Border-Battle Slated to begin 2015 NWT Season
Apr 16th, 2015 by OutdoorsFIRST
Modified Apr 16th, 2015 at 12:00 AM
Border-Battle Slated to begin 2015 NWT Season
Mississippi River event runs May 7-8 out of Lake City, MN
LAKE CITY, Minn.- High-level competitive walleye fishing returns to action May 7-8, as the
Cabela’s National Walleye Tour visits pools 3, 4 and 5 of the Mississippi River. The season-opening tournament features the sport’s most accomplished anglers and boasts the most lucrative purse in professional walleye fishing – including a first-place prize of a fully-rigged Ranger 1880 and $15,000 cash, plus numerous sponsor bonuses.
The venue, which serves as part of the Minnesota-Wisconsin border, is both vast and diverse. Lake Pepin itself, located in Pool 4, is 21 miles long and spans nearly 30,000 surface acres. Anglers can probe Pepin’s depths in search of chunky saugers or they can sample many of the river’s shallower cuts and channels for post-spawn female walleyes. After a relatively mild winter with little snow, the water level is down and the clarity has uncharacteristically improved.
“Right now, the river is low and really clear,” said veteran pro Brett King of Claremont, Minn. “You can see 2 or 3 feet down in some places when it’s usually only inches. Guys are going to have be cautious when venturing outside of the main river channel. There’s a lot of stuff like deadheads sitting just beneath the surface.”
King explained that the low water and lack of flow has repositioned and spread the fish out.
“This tournament is going to be different for sure,” he said. “Guys that have fished here early in previous years might as well leave their notes at home. There’s not anything that is applicable. In a normal year, that stronger current puts them in predictable places. Without it, it’s wide open. And once you find them, they really aren’t all that concentrated so you have to have multiple spots.”
Korey Sprengel, the winner of the 2014 NWT Championship, said employing multiple presentations will be necessary as well as having multiple spots.
“There will be a lot of guys pulling lead,” said the Berkley pro. “But I think it will take more than pulling lead to win. It seems like about 20 pounds is the max you can catch with lead. I think it will take a little more than that, like 50 to 55 pounds (over two days) to win. One option would be to get a limit trolling and then go camping out for a big one.”
When Sprengel won the inaugural NWT event on the Mississippi in 2013, he pitched a purple and white PowerBait Rib Worm in addition to handlining. That’s the same bait, just with a heavier jig, that he used to win the 2014 championship on Lake Winnebago.
2014 Tour Championship winner Korey Sprengel, who also won the last time the NWT visited the Mississippi River, expects multiple presentations and multiple spots will be necessary to win this year.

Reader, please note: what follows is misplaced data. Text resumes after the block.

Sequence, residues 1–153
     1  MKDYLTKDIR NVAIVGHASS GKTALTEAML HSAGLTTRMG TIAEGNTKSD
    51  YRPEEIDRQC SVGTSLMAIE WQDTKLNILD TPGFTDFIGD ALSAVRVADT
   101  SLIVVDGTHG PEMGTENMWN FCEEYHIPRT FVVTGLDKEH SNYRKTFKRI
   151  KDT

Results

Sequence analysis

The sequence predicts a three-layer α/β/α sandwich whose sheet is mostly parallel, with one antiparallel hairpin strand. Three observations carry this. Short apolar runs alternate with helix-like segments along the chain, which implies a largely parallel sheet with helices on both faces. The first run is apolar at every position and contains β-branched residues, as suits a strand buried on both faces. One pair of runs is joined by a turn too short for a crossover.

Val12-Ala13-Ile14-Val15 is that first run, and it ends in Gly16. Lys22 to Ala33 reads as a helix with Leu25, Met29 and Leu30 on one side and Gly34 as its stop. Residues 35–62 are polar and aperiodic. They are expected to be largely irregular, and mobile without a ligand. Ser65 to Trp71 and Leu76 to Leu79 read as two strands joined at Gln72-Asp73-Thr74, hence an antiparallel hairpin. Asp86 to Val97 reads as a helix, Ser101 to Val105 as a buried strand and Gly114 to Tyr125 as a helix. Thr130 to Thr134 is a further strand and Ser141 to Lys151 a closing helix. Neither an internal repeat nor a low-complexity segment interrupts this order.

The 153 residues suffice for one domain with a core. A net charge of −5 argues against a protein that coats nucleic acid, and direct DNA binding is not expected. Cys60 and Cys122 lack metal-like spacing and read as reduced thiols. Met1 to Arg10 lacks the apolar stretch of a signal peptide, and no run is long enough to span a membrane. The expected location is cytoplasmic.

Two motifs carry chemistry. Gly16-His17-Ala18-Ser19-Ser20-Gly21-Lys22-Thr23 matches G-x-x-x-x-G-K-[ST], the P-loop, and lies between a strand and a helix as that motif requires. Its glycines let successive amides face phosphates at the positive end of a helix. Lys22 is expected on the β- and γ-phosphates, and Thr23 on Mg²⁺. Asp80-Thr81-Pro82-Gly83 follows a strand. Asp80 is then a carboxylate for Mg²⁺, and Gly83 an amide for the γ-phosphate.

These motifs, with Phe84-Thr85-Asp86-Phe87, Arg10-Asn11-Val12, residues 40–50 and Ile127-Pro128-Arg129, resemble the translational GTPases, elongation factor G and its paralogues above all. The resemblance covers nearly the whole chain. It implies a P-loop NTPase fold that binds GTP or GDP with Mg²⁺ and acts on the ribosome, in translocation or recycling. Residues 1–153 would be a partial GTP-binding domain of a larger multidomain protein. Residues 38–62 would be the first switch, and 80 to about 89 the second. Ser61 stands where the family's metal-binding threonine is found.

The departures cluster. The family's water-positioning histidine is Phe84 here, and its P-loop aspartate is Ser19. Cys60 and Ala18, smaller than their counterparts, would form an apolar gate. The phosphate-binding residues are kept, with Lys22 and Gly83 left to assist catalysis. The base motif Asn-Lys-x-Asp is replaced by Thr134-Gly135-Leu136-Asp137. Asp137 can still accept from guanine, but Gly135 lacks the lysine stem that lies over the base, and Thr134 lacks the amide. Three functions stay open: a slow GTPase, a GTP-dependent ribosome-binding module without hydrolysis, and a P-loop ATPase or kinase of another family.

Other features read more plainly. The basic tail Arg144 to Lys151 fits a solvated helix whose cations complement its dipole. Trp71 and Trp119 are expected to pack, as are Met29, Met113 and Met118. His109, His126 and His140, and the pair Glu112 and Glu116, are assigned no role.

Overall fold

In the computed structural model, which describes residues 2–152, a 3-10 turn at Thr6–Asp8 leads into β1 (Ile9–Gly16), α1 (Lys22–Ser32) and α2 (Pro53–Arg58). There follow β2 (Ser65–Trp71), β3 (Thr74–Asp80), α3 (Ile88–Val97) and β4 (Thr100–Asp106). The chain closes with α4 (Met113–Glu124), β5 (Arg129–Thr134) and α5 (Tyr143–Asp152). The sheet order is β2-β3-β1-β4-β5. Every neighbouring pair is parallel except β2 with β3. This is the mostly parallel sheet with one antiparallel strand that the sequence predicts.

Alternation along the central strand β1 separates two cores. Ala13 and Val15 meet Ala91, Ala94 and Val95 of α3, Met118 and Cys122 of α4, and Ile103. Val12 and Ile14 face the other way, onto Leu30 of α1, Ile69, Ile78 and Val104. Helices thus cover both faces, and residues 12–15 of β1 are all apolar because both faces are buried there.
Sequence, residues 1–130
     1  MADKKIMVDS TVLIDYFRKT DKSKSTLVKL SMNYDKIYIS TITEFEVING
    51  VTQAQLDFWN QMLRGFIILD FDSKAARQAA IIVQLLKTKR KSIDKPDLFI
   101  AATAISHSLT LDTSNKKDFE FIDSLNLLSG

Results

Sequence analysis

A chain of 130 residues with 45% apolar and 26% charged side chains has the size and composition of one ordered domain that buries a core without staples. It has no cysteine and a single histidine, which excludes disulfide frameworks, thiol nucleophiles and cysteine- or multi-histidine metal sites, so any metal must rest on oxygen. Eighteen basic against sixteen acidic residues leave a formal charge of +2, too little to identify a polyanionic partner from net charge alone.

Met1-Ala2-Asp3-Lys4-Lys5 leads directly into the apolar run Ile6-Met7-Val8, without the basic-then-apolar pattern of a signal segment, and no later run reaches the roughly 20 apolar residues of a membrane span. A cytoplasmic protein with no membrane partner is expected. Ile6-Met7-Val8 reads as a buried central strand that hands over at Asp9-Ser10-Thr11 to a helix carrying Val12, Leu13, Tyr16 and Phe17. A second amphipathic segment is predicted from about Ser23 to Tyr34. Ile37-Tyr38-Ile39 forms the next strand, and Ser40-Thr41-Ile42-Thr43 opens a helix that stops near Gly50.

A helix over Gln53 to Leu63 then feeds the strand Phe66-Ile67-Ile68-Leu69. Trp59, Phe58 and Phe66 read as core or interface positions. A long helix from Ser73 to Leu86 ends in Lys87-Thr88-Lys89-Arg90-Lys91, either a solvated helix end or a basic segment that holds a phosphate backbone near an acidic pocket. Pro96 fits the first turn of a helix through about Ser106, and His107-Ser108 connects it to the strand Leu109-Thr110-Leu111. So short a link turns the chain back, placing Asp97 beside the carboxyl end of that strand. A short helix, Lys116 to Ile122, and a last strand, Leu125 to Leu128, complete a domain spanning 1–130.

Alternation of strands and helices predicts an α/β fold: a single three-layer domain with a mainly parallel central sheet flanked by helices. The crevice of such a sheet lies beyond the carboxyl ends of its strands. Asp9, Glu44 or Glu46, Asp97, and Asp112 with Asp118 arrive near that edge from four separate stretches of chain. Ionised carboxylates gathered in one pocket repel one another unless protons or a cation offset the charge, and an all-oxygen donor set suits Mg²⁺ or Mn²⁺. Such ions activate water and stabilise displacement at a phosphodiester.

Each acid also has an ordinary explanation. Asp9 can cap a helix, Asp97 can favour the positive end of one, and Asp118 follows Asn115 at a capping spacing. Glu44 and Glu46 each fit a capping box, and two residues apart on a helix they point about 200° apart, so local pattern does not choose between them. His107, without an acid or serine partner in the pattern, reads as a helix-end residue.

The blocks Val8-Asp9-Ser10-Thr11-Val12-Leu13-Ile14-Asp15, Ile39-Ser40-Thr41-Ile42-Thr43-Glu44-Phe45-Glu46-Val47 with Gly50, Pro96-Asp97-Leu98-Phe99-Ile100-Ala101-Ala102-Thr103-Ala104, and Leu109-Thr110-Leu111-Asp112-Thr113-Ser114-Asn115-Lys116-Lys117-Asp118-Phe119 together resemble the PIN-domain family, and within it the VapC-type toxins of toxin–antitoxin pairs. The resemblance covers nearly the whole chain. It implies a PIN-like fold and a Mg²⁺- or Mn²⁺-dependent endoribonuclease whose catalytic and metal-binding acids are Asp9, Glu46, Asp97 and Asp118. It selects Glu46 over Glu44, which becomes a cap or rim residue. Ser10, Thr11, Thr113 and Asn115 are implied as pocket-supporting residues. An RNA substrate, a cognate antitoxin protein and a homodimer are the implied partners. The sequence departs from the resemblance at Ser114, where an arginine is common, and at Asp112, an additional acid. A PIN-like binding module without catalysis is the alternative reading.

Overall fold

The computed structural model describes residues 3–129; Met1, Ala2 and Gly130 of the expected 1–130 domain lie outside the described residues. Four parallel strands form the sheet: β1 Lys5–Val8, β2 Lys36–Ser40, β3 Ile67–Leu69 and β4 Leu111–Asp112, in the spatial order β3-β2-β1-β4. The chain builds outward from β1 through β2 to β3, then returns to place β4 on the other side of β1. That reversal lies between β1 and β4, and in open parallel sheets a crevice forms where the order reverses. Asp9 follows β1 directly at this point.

“When I won in 2013, I had a decent bag going, but I pulled up to one current seam and caught three good ones in four pitches. Then I filled out my limit handlining. I think it’s going to take multiple presentations like that to get it done again this year.”
Sprengel also explained that launching further downstream in Lake City will help spread out the field.
“What I didn’t like was that it used to be a boat race to about three different spots in Pool 4,” Sprengel said. “With the water being low, I think a lot of fish will be relating to Lake Pepin. Instead of the food coming to them, they’re going to have to go to the food. Launching in Lake City, we’ll be that much closer to the lake.”
While traditionally thought of as a place to earn a small check, King agreed that Lake Pepin is developing more and more into a true factor.
“The saugers are definitely bigger than they were a few years ago,” King explained. “We’re starting to see 18- to 20-inch saugers and they are fat. The lake definitely has its share of walleyes too. Right now, the walleyes are spawning, but when they’re done, some may go to the lake. They’re looking for a resting spot, and right now there’s not enough reason to stay (in the river).”
King described the event as akin to an autumn Mississippi River tournament.
“Unless we get a lot of rain, weights are going to be down,” he said. “You’re not going to see those huge 40-pound stringers. My goal is to put together 25 pounds per day. With that low flow, I just don’t see it taking much more than 50 or 52 pounds to win. I fish the system all the time and it’s been difficult to get anything over 7 pounds; the better fish now are 4 to 6 pounds.”
While the lack of current has changed the system, traditional river techniques such as pitching jigs and trolling crankbaits with leadcore line will prove popular. In addition, live-bait rigs with willow cats or night crawlers will put fish in the boat. King reported that he’s had success recently pitching jigs and employing the anchor feature on his Motorguide Xi5 trolling motor that is integrated with his Lowrance unit for hands free boat control.
“With the fish being so spread out, those little details really matter,” King said. “Overall, I see this one being more of a run-and-gun tournament; you get one here and you get a couple there. It’s going to be wide open.”
Sprengel agreed and said he believes the winner will be bouncing spots or fishing a milk run.
“It’s going to be a totally different tournament this time around and that should make it interesting,” he said. “It was a long off-season, so I can’t wait to get back to the Mississippi River. There’s just an endless possibility of where the fish might be.”